The XXII International Exhibition at La Triennale in Milan called “Broken Nature: Design Takes on Human Survival” opens on March 1 and runs until September 1, 2019. The International exhibition is an in-depth exploration of the factors that connect humans to the natural environment that have been intensely compromised underlining the concept of restorative design, highlighting objects and concepts at all scales that reconsider human beings’ relationship with their environments — including both natural and social ecosystems.

Broken Nature is curated by Paola Antonelli, Senior Curator of Architecture & Design, Director of Research & Development at The Museum of Modern Art in New York. She says “Broken Nature invites a deeper understanding of the complex and interconnected, multi-species systems we inhabit. It facilitates a perception of long time, beyond the lifespan of a few generations; and it offers visitors a clear idea of practical steps that can be taken toward a restorative attitude. The XXII Triennale di Milano celebrates the revolutionary power of imagination and ingenuity.

The Great Animal Orchestra by Bernie Krause | Photography: Luc Boegly

Broken Nature consists of a thematic exhibition, the contributions of 22 international participants, invited through official government channels under the auspices of the Bureau International des Expositions, an installation called The Great Animal Orchestra, created by Bernie Krause and United Visual Artists on the initiative of the Fondation Cartier pour l’art contemporain, and a special exhibition entitled The Nation of Plants, curated by Stefano Mancuso.

Ore Streams by Formafantasma | Photography: Gianluca Di Ioia

The Room of Change by Accurat | Photography: Gianluca Di Ioia

The thematic exhibition consists of four works specially commissioned from international designers. The commissioned works have been entrusted to Formafantasma (Andrea Trimarchi and Simone Farresin); to Neri Oxman and her research group, the Mediated Matter Group of MIT Media Lab; to Sigil (Khaled Malas, Salim Al-Kadi, Alfred Tarazi, and Jana Traboulsi), a collective based in Beirut and New York; and to Accurat, a data-driven research, design, and innovation studio based in Milan and New York (project led by Giorgia Lupi and Gabriele Rossi.) These commissions highlight design approaches aimed not only at correcting humanity’s self-destructive course, but also at replenishing our relationship with the environment and with all species—including other human beings. Some are even continuations of a body of work previously started and are meant to encourage the designers to consider their practice as long-term research.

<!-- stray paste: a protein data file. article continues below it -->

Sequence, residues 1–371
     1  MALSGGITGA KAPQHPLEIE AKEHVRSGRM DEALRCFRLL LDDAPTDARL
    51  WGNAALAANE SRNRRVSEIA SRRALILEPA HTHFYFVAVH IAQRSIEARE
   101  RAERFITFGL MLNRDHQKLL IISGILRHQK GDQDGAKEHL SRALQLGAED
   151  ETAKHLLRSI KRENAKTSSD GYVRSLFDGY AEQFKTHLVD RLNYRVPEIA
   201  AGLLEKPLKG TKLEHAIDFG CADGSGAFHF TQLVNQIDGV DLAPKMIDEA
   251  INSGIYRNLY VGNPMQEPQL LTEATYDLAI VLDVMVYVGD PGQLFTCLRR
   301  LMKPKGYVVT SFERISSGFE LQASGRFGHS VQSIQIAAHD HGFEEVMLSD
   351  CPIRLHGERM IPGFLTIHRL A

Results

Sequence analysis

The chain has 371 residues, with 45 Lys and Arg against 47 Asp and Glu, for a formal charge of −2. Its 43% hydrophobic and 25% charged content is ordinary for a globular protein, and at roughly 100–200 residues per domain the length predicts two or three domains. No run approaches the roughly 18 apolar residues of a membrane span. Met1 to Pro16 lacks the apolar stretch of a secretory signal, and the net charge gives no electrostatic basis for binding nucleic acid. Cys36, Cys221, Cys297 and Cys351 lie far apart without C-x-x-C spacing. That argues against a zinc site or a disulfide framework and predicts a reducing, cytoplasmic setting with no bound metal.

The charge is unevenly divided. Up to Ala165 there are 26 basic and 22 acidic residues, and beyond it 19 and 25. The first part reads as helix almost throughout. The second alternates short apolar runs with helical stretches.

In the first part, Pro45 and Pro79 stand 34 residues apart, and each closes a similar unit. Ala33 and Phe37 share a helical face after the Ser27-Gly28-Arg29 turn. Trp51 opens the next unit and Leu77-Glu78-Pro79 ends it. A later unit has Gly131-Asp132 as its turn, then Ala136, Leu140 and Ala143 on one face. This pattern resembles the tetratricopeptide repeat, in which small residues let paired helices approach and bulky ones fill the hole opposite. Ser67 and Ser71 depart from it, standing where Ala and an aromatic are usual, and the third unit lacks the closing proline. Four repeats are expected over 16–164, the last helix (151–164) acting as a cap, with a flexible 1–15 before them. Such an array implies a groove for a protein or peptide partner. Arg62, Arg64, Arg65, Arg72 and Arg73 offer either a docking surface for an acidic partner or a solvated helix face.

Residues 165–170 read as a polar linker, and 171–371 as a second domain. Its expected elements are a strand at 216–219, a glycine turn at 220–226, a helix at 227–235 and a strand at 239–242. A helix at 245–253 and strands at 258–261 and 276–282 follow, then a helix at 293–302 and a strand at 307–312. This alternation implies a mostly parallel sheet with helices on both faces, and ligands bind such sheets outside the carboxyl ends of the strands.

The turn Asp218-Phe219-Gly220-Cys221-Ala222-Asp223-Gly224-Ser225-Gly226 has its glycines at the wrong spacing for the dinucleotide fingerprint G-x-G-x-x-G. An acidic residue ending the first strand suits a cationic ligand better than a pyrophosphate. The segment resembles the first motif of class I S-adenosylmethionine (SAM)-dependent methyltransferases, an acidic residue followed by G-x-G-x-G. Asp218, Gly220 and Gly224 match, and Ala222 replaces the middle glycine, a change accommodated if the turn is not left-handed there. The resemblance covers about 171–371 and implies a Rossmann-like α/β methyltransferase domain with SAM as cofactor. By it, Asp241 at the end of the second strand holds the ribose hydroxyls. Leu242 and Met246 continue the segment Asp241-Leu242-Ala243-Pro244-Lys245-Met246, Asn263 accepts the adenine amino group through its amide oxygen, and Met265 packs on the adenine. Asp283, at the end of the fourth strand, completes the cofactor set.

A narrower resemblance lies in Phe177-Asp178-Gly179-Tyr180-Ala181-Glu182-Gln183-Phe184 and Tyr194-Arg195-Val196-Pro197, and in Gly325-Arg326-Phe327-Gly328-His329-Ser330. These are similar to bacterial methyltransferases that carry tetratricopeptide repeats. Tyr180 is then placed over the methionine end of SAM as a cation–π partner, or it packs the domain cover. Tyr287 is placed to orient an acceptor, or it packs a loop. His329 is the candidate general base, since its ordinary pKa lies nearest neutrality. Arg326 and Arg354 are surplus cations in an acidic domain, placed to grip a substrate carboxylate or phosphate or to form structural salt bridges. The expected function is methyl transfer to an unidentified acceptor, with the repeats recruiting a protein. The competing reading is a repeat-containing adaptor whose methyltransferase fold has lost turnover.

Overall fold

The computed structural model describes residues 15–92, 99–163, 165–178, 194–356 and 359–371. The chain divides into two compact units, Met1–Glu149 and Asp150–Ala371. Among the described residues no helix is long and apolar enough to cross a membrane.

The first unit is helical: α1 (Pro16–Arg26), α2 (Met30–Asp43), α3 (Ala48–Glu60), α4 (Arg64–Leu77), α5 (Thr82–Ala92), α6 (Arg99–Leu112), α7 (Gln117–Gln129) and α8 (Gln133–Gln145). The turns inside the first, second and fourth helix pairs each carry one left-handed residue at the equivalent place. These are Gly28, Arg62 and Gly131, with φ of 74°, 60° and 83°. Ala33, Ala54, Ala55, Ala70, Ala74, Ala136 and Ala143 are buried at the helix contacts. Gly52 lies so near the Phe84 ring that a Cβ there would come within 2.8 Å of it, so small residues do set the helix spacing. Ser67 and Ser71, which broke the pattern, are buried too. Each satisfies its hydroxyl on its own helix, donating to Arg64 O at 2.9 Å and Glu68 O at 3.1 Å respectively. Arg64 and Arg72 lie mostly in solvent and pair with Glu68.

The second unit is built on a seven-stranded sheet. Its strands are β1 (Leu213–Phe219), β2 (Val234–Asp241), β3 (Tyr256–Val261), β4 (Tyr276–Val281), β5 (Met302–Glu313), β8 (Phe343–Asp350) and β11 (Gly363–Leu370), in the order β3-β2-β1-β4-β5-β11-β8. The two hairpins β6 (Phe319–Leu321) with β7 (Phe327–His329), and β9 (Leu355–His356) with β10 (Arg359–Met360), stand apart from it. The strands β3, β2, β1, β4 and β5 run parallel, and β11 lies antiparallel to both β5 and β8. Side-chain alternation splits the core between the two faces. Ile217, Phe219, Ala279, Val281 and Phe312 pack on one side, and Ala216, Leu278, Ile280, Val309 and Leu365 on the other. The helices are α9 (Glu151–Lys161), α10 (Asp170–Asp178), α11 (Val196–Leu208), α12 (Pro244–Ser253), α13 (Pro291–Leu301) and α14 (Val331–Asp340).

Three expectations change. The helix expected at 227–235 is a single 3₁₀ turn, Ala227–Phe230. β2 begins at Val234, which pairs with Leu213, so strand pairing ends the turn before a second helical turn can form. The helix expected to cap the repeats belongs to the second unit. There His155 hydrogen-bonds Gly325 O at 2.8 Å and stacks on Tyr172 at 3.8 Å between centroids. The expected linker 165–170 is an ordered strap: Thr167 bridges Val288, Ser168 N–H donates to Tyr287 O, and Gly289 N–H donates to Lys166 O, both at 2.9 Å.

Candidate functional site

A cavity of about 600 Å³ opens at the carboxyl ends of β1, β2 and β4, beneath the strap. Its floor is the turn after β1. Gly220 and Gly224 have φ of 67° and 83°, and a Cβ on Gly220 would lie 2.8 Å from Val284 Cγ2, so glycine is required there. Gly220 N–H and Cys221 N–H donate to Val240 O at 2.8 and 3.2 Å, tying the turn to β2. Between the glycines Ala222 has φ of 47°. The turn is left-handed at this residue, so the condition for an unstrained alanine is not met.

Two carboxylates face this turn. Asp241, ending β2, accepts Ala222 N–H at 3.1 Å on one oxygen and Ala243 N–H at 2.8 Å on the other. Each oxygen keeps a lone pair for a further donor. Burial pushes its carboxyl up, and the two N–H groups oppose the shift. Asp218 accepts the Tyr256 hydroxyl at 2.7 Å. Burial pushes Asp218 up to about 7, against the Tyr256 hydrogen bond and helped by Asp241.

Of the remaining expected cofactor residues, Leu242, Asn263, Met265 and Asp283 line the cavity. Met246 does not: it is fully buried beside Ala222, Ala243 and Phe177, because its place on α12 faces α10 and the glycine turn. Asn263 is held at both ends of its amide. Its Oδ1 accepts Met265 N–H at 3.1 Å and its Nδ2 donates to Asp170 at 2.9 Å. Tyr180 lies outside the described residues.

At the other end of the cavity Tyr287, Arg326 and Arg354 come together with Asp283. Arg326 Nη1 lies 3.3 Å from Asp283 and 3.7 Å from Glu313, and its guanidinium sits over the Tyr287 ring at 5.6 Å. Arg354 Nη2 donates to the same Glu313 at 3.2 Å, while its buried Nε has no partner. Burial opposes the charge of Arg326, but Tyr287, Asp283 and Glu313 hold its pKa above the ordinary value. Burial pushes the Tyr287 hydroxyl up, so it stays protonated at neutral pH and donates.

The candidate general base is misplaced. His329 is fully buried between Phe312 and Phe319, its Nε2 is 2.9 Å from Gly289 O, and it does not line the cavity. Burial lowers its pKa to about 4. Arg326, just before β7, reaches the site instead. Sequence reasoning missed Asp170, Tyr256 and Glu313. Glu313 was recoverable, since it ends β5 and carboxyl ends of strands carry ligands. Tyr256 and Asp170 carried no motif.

Installaltion view Broken Nature | Photography: Gianluca Di Ioia

Installaltion view Broken Nature | Photography: Gianluca Di Ioia

In addition to the commissioned works, the thematic exhibition comprises a selection of circa 100 projects from the last three decades, examples of restorative design, architecture, and art from all over the world. Among them, Broken Nature includes new installations and objects—like Paola Bay and Armando Bruno’s Reliquaries, Dominique Chen’s Nuka-doko, and Google Brain’s Whale Song—and milestones such as Pettie Petzer and Johan Jonker’s Hippo Roller, Elemental’s Quinta Monroy housing, Martino Gamper’s 100 Chairs in 100 Days, and Zach Lieberman et al.’s Eyewriter, a low-cost, open source eye-tracking system. These projects, which have played an essential role in the history and advancement of design, have had, in some cases, a memorable impact on society and in the way humans related to the world around them. By placing these different projects in the same space and within the same conversation, the exhibition aims to unearth design’s potential to mediate societal and behavioral changes.

Installaltion view Broken Nature | Photography: Gianluca Di Ioia

Other 22 international participations, promoted by institutions and universities of international excellence, as well as by governmental entities accompany the thematic exhibition. International participants offer a highly diverse range of themes, perspectives, contexts, and origins, illustrating the complexity and diversity of cultural traditions. Moreover, with an exhibition entitled Milano 2030, a pavilion for the city of Milan is inaugurating the new Urban Center headquartered at the Palazzo dell’Arte.

Broken Nature also consists of an extensive calendar of public programming and symposia, and an online platform for dynamic public discourse.

 

XXII Triennale di Milano, viale Alemagna 6 20121 Milan
Broken Nature: Design Takes on Human Survival
March 1 – September 1, 2019